If you want to manage Kubernetes more easily, you can use Helm. It helps you manage Kubernetes applications — Helm Charts helps you define, install, and upgrade even the most complex Kubernetes application. Charts are easy to create, version, share, and publish — so start using Helm and stop the copy-and-paste madness.

Let's create Your First Helm Chart!

Step 1. Generate Your First Chart

The best way to get started with a new chart is to use the helm create command to scaffold out an example we can build on. Use this command to create a new chart named my-angular-project in a new directory:

$ helm create my-angular-project

Helm will create a new directory in your project called my-angular-project with the structure shown below. Let's navigate our new chart to find out how it works.

Templates

The most important piece of the puzzle is the templates/ directory. This is where Helm finds the YAML definitions for your Services, Deployments, and other Kubernetes objects. If you already have definitions for your application, all you need to do is replace the generated YAML files for your own. What you end up with is a working chart that can be deployed using the helm install command.

It's worth noting, however, that the directory is named templates, and Helm runs each file in this directory through a Go template rendering engine. Helm extends the template language, adding a number of utility functions for writing charts. Open the service.yaml file to see what this looks like:

Values

The template in service.yaml makes use of the Helm-specific objects .Chart and .Values. The former provides metadata about the chart to your definitions such as the name, or version. The latter .Values object is a key element of Helm charts, used to expose configuration that can be set at the time of deployment. The defaults for this object are defined in the values.yaml file. Try changing the default value for service.internalPort and execute another dry-run, you should find that the targetPort in the Service and the containerPort in the Deployment changes. The service.internalPort value is used here to ensure that the Service and Deployment objects work together correctly. The use of templating can greatly reduce boilerplate and simplify your definitions.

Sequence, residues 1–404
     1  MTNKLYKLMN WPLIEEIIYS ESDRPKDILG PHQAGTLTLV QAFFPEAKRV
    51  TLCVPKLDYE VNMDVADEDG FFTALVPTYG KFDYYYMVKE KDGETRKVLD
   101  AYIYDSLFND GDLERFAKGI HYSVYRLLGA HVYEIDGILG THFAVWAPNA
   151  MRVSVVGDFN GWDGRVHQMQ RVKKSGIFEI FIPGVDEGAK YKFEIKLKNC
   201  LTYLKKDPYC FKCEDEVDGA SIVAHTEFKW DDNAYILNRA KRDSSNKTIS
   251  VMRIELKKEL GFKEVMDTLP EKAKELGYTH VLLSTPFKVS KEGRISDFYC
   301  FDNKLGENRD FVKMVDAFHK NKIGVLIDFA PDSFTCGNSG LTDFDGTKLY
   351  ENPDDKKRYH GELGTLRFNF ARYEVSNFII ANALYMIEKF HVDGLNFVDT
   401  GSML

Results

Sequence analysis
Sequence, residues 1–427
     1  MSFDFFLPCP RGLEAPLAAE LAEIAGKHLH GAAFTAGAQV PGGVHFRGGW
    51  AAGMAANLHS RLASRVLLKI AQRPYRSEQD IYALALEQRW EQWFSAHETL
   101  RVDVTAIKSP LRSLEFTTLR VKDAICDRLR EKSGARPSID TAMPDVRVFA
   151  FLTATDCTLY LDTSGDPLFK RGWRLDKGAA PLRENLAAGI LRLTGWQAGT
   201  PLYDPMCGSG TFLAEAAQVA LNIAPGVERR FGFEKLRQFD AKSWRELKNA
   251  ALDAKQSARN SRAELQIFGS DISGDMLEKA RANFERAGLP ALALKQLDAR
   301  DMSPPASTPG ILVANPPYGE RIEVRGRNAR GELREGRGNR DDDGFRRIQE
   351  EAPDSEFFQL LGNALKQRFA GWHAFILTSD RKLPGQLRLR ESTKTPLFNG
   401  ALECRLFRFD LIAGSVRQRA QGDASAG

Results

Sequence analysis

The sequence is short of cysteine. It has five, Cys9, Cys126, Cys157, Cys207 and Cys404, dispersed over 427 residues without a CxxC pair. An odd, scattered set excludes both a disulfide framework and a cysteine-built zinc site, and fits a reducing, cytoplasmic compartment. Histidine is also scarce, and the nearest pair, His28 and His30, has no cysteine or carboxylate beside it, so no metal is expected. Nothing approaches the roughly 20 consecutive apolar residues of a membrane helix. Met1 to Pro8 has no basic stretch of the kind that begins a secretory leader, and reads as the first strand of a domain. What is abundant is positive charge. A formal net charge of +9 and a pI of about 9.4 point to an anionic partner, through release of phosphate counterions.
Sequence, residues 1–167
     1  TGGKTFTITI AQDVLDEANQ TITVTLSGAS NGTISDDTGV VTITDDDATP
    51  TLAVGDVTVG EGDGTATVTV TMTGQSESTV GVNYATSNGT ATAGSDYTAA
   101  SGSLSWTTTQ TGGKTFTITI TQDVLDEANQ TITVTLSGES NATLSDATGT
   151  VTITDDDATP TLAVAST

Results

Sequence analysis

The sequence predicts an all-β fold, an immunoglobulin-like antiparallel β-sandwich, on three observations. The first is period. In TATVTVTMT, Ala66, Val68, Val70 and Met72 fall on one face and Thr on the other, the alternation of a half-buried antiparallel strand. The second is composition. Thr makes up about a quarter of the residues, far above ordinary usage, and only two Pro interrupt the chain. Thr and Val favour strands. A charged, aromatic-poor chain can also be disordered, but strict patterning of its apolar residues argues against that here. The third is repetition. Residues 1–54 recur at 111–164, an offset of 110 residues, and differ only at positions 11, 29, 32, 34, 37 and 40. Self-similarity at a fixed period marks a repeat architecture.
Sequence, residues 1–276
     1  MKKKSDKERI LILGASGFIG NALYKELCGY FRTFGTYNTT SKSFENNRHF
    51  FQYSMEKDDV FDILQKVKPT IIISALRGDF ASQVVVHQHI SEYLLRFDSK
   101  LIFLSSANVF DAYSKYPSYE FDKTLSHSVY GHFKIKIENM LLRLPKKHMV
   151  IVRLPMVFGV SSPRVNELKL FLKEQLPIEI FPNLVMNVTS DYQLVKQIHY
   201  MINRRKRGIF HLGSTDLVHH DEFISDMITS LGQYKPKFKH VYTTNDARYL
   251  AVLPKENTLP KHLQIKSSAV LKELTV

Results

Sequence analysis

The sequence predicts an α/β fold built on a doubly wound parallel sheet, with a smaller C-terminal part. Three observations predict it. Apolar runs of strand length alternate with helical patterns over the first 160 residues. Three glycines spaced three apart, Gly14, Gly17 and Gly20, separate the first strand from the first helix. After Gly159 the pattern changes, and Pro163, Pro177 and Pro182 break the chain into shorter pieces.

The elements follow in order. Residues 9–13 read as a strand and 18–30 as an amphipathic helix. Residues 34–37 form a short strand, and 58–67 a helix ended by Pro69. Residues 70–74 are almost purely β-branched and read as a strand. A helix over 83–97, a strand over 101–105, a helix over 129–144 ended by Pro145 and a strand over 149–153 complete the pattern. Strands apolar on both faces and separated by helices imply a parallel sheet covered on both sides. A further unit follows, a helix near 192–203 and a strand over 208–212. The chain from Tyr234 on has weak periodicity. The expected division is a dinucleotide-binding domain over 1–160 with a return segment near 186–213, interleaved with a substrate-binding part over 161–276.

If a user of your chart wanted to change the default configuration, they could provide overrides directly on the command-line:

$ helm install --dry-run --debug ./mychart --set service.InternalPort=8080

Step 2. Deploying Your First Chart

So far in this tutorial, we've been using the helm install command to install a local, unpacked chart. However, if you are looking to share your charts with your team or the community, your consumers will typically install the charts from a tar package. We can use helm package to create the tar package:
$ helm package my-angular-project/

Helm will create a my-angular-project-0.1.0.tgz package in our working directory, using the name and version from the metadata defined in the Chart.yaml file. A user can install from this package instead of a local directory by passing the package as the parameter to helm install.

 

The chart you generated in the previous step is setup to run an our application exposed via a Kubernetes Service. By default, the chart will create a ClusterIP type Service, so the application will only be exposed internally in the cluster. To access it externally, we'll use the NodePort type instead. We can also set the name of the Helm release so we can easily refer back to it. Let's go ahead and deploy our application chart using the helm install command:

$ helm install my-angular-project-0.1.0.tgz

The output of helm install displays a handy summary of the state of the release, what objects were created, and the rendered NOTES.txt file to explain what to do next. Run the commands in the output to get a URL to access the angular-application service and pull it up in your browser.

Upgrade

If some changes have occurred in the image or application, they can be easily hardened using the helm upgrade:

$ helm upgrade killer-racoon my-angular-project-0.1.1.tgz

As a result, if we refresh the page in the browser, we will see modified application:

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